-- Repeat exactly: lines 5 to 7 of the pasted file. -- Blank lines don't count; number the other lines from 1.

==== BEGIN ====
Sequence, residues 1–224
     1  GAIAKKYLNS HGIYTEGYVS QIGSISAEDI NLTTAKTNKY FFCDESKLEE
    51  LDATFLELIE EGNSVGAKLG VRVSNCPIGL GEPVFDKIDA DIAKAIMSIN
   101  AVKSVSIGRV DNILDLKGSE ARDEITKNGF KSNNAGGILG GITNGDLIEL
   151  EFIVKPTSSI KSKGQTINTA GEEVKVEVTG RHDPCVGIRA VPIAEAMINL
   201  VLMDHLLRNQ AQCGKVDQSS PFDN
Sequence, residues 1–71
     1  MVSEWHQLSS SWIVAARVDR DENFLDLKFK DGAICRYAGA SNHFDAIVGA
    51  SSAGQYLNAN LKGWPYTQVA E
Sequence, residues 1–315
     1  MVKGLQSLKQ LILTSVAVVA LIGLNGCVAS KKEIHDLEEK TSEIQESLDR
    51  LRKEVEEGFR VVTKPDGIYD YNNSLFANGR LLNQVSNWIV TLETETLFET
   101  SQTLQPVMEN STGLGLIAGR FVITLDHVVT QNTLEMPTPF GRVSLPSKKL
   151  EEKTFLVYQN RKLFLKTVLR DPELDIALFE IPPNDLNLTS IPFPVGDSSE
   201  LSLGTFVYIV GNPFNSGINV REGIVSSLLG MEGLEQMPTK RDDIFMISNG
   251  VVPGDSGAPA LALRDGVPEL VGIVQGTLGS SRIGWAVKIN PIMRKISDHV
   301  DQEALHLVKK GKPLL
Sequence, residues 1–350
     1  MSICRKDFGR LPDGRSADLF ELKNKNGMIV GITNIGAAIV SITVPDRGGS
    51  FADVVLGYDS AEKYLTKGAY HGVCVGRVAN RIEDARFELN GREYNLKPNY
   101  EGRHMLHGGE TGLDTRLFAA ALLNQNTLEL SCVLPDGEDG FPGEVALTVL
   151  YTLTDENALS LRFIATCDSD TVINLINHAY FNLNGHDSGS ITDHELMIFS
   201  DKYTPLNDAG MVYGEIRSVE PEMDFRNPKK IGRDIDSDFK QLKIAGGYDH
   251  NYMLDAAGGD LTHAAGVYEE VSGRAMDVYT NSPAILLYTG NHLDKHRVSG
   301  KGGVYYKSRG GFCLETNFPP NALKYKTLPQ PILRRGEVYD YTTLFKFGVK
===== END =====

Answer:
   151  EFIVKPTSSI KSKGQTINTA GEEVKVEVTG RHDPCVGIRA VPIAEAMINL
   201  VLMDHLLRNQ AQCGKVDQSS PFDN
Sequence, residues 1–71